Accessed via a gigantic spiral staircase within the castle, the eerie limestone space was created naturally through water erosion over centuries. Fortified with recesses designed for archers, it is believed to have been used for loading and unloading ships when the castle was at its peak. Today it is a compelling medieval stop on any Welsh itinerary.
5 Sol Cinema
The world’s smallest solar-powered movie theatre, Sol Cinema has won several accolades including best communication project in the Network Wales Awards. A traveling cinema, the 1960’s trailer journeys across Wales while screening films harboring ecological themes to groups of no more than eight at a time.
Designed and managed by Undercurrents, a British art collective, the cinema is powered entirely by the sun, not an easy task in the often moodily grey Wales. Able to store power, the trailer runs all day and night and may just be handily placed along your route as you venture across the delightful countryside.
It is a very competitive field, but Criccieth may just be the most gorgeous of the Welsh coastal towns. Home to the tragically beautiful ruins of Criccieth Castle dating back to the 13th century and granting views of the Snowdonia Mountains, this admirable town is the cure to any ailment a weary traveler may have.
While exploring the deteriorating castle, cast a glance across the Llyn Peninsula towards the Irish Sea and feel the calming Welsh winds curl across your smiling face. The town center is also well worth an investigation, even if all you do is wander into the incomparable Castle Inn and never leave.
3 Great Orme Tramway
The only surviving street tramway operated by cables, this slightly odd funicular is made up of two separate sections, requiring passengers to change over at the halfway point.
Originally crafted in 1902 to transport passengers to the summit of the Great Orme limestone headland, there was once seven cars, each named after a local Welsh saint. The varied history of the funicular also includes a brief period of service as the method for moving coffins to their burial serves at St. Tudno’s Churchyard, partway along the route. Thankfully, passengers these days won’t need to share with the dearly departed, instead accompanying the well and truly living to Great Orme for panoramic views of the surrounding landscape.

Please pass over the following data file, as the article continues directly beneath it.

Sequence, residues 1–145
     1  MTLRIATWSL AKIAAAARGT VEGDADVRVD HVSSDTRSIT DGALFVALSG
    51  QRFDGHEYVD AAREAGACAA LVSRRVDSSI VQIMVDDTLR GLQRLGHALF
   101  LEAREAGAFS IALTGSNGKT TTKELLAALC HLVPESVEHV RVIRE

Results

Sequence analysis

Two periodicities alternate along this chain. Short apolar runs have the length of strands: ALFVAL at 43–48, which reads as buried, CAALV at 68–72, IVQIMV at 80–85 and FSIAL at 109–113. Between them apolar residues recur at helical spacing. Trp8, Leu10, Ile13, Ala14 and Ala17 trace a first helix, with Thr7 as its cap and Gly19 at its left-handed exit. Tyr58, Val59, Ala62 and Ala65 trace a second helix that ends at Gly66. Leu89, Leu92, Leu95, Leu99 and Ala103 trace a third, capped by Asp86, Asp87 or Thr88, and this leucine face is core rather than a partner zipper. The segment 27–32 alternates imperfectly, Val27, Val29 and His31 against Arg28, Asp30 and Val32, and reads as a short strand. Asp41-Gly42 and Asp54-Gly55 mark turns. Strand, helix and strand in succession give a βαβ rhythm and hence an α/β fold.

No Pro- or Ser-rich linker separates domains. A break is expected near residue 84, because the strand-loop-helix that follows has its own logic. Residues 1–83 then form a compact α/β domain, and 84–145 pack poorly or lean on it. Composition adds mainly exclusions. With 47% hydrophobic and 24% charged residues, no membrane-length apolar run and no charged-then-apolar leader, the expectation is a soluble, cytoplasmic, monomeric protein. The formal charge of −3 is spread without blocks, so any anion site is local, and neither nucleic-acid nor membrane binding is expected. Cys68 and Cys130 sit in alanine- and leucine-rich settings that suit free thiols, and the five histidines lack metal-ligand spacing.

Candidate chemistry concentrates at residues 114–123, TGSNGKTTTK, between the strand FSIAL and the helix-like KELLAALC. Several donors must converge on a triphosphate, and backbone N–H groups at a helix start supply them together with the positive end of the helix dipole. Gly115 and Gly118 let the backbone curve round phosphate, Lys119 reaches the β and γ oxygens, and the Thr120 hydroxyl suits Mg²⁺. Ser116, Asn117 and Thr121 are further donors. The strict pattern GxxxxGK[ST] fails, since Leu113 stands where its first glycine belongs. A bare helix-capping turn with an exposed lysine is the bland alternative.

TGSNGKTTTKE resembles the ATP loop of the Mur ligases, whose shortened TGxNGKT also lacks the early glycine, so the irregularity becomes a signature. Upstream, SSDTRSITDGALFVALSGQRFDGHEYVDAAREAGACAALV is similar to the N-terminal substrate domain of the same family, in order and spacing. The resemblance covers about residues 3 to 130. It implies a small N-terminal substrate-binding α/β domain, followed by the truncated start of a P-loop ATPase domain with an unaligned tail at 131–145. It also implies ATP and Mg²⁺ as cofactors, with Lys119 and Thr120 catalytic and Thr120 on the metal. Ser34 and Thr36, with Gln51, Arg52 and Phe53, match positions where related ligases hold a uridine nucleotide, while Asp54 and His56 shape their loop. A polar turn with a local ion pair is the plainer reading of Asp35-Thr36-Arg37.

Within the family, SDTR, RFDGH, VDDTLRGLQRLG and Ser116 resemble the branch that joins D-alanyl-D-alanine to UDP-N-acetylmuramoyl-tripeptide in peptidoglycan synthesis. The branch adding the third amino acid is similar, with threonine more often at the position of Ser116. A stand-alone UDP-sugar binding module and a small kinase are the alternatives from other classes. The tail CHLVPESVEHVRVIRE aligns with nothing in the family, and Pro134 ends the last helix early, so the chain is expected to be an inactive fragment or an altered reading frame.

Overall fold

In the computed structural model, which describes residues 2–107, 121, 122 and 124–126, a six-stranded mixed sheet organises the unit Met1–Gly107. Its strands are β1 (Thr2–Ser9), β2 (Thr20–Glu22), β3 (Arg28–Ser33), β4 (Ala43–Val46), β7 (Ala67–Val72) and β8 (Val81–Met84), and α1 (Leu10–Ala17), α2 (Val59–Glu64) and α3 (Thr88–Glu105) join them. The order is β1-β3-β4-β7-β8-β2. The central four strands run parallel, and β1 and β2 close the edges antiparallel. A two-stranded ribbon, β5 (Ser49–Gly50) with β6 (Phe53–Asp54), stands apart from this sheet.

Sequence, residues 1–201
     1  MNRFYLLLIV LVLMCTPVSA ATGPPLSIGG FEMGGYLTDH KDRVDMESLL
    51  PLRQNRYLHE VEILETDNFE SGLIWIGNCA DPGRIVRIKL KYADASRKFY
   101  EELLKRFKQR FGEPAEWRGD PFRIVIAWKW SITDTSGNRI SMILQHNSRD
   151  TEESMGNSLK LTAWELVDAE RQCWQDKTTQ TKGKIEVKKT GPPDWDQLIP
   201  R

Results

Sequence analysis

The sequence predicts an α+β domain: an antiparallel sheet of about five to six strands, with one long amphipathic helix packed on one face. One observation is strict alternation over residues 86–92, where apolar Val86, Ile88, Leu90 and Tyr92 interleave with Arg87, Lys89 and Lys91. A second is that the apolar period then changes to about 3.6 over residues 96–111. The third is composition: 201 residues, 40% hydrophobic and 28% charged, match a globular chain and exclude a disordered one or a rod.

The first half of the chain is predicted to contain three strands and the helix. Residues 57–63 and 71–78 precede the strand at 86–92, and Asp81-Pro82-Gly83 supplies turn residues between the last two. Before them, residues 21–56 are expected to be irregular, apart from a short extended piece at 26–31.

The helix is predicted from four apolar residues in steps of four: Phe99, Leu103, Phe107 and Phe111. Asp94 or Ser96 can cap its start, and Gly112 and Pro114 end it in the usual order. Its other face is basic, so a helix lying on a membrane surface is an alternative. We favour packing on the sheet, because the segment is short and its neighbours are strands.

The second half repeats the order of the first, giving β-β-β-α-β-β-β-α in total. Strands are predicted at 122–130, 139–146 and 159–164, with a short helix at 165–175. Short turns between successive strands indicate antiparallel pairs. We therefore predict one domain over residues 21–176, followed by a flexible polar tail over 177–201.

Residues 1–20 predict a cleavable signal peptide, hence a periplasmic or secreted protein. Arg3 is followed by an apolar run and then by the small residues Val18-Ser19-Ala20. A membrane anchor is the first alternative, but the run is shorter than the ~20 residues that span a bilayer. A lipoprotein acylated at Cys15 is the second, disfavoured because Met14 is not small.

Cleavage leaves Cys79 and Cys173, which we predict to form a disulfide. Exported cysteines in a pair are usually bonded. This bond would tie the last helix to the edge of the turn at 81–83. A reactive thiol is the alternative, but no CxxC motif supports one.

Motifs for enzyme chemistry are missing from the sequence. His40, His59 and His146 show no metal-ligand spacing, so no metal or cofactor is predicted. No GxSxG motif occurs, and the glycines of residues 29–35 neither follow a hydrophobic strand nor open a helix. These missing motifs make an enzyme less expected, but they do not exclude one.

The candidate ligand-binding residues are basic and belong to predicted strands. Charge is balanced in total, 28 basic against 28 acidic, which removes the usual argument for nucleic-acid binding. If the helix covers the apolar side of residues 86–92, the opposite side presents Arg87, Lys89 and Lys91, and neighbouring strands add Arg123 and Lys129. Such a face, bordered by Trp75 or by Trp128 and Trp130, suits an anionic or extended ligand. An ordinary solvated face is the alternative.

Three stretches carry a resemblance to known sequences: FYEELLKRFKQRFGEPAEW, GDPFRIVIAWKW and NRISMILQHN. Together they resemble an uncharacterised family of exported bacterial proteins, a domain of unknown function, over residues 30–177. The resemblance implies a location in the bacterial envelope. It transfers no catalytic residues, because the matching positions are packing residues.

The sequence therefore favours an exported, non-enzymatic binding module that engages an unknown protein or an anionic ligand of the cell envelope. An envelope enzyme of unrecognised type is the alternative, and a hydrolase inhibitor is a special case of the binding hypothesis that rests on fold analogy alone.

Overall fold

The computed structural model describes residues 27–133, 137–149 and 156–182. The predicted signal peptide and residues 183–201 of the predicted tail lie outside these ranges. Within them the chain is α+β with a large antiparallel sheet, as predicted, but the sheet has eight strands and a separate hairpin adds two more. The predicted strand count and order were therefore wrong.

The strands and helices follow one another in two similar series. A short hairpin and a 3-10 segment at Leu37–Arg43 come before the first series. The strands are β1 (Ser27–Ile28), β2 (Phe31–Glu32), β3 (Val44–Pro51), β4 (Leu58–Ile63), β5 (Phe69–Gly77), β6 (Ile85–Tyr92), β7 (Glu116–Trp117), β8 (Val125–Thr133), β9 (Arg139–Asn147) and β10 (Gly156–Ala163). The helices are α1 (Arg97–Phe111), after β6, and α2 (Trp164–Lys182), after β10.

2 Gladstone's Library
It is not uncommon to feel the slow-refusal of eyelids to remain open after a long day spent in the library, and at Gladstone’s this is heartily encouraged. The only residential library in the United Kingdom, visitors can simply retire to one of the 26 boutique rooms on-site to continue their reading or study before giving in to exhaustion and catching forty winks.
The library and guesthouse is the brainchild of former Prime Minister William Ewart Gladstone and quite remarkably, many of the titles resting on its shelves have handwritten scrawls from the man himself within the margins.
1 Laburnum Arch
Spring in Wales is simply beautiful no matter where you are, but those on the lookout for some truly remarkable need look no further than Laburnum Arch. Once a year and for just a fleeting few weeks, glittering golden flowers spring to life from the branches of the wondrous laburnum trees and drape across a path to create one of the most stunning archways in the world.
Running a full 180-feet in length, it is said to be the longest of its kind in the United Kingdom. Earning the nickname ‘Golden Rain’ as a result of the effect the vibrant color created against an often weather-darkened landscape, this fleeting fantasy transports travelers into the pages of an adventure worthy of the Gladstone Library.